Grimsby graduate about to become the subject of her offshore wind thesis
Top left, Gareth Russell and Wendy Sheard of ABP. Below, Humberside-based helicopter provider CHC’s stand. Right, Lauren Little of North East Lincolnshire Council and Alison Mitchell of Wilkin Chapman at Global Offshore Wind 2018.
By Grimsby Telegraph | Posted: 20 Jul 2018
Grimsby graduate Lauren Little wrote her thesis on the impact offshore wind could have on her home town, and this past month was at an international conference and exhibition helping market the area in her inward investment support role with North East Lincolnshire Council.
She found herself embedded in the words that helped earn her a degree in geography from Newcastle University in 2015, and will soon be fully immersed as she prepares to join Orsted in the role of stakeholder advisor for the Humber.
Lauren said: “I found I was really interested in the impact the offshore wind industry was having in places across the UK after listening to a lecture at university back in 2013, focusing on the impact it was having in the North East. For me, it was a natural decision to undertake a research project on the impact of this exciting new industry on my home town of Grimsby.
“My family have always worked in the seafood sector and I wanted to understand more about the evolution of Grimsby and the new path it was taking.”
As she completed her secondary and further education at King Edward Grammar School in Louth, travelling from Grimsby, Lynn, Inner Dowsing and Lincs wind farms were emerging off the Lincolnshire coast.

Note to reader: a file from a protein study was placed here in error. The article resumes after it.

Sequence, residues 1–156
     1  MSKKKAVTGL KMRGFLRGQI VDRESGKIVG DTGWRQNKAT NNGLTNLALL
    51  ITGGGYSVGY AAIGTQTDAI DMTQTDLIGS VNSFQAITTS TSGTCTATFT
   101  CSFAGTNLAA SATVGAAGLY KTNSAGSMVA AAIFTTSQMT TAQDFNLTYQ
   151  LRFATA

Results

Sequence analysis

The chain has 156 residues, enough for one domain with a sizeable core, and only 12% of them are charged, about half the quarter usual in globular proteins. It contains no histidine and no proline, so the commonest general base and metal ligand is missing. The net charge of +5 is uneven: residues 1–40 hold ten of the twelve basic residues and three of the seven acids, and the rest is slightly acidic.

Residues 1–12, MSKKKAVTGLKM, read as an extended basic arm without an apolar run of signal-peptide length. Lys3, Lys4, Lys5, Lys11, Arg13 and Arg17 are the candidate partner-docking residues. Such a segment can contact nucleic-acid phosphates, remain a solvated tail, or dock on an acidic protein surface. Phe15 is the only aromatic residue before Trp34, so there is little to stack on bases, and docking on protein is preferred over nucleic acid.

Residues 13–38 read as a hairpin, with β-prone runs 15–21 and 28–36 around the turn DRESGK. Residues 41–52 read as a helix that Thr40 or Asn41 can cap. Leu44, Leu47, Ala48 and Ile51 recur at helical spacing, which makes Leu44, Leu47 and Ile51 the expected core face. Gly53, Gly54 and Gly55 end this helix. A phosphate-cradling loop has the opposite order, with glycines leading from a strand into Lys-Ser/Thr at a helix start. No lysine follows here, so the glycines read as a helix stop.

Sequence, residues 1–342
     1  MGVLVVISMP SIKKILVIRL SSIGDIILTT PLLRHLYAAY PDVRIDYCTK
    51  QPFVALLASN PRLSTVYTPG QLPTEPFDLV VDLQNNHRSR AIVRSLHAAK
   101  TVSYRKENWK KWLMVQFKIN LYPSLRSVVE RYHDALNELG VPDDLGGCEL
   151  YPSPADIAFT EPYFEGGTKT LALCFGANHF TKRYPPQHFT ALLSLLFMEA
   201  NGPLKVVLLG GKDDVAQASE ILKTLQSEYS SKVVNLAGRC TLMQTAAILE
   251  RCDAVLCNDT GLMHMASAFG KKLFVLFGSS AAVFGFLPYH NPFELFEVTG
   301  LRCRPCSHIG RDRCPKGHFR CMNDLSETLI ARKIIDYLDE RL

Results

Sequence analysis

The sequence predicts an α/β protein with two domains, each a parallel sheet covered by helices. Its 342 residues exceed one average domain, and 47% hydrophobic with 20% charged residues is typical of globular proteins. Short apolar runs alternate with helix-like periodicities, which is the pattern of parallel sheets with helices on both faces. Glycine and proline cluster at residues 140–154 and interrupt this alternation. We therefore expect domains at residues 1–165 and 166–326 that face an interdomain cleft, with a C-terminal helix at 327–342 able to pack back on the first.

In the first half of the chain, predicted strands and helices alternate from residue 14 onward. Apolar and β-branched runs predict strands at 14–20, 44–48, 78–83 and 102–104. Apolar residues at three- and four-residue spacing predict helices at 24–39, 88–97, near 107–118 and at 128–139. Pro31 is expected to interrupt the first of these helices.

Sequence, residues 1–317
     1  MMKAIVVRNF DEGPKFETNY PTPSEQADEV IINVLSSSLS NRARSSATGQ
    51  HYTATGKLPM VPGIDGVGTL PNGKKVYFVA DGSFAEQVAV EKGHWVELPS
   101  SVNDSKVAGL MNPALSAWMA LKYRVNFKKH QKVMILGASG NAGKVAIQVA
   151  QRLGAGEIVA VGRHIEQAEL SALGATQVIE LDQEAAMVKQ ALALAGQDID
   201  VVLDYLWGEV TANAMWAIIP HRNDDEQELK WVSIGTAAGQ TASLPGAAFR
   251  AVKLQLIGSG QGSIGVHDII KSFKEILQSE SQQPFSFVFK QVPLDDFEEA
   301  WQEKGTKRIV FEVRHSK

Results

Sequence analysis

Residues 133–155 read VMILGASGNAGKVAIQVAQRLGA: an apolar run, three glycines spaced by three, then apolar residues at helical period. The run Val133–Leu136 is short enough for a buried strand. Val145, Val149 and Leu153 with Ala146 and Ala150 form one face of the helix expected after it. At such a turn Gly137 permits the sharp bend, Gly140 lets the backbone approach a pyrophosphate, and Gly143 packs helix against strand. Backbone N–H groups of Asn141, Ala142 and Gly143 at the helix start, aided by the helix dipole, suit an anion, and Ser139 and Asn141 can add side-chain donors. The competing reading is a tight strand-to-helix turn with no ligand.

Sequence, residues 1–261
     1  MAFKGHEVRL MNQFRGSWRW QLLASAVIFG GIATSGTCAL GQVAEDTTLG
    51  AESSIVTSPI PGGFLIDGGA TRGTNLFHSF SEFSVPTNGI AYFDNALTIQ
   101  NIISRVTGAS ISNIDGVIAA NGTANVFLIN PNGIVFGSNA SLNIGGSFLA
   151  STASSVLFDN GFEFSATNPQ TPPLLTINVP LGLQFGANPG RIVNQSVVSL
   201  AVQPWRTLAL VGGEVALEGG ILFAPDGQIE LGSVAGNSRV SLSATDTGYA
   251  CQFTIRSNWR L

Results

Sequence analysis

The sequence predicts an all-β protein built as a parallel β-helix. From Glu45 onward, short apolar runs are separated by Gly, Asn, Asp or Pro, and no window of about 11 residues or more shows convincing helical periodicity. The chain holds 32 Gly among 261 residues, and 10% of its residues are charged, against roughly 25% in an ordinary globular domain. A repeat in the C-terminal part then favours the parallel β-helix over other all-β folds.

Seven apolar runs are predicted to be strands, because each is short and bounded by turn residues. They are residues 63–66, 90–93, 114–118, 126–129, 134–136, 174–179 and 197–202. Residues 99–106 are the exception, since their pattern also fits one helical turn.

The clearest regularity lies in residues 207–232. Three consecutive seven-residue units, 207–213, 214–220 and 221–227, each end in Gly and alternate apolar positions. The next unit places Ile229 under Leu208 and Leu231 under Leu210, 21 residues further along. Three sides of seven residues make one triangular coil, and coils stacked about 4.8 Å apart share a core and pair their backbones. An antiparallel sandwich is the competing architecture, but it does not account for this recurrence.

Then as she headed up the coast to Newcastle, Westermost Rough and Humber Gateway were being realised off East Yorkshire.
Returning, Race Bank was about to be built, with the world-leading Hornsea proposals also on the drawing board.
“I felt really lucky I was able to talk to businesses large and small about the opportunities this new industry is bringing – I spoke to 17 key stakeholders and had a really valuable insight into the impact of offshore wind in Grimsby,” she recalled.
She secured a graduate placement with NELC after university, and after six months was offered a position in the economic development team. “I have spent the last two-and-a-half-years supporting businesses, aiding the growth of our key sectors and promoting North East Lincolnshire as a great place to work, stay, play and invest,” she said.
“It was fantastic to attend my first major event and promote North East Lincolnshire on a national stage. Grimsby has established itself as an O&M centre of excellence servicing some of the world’s largest offshore wind farms.
“It has been amazing to see the innovation, change and fast-pace of the industry since I first started my research, and I am excited for what’s to come and what further impact it will have.”
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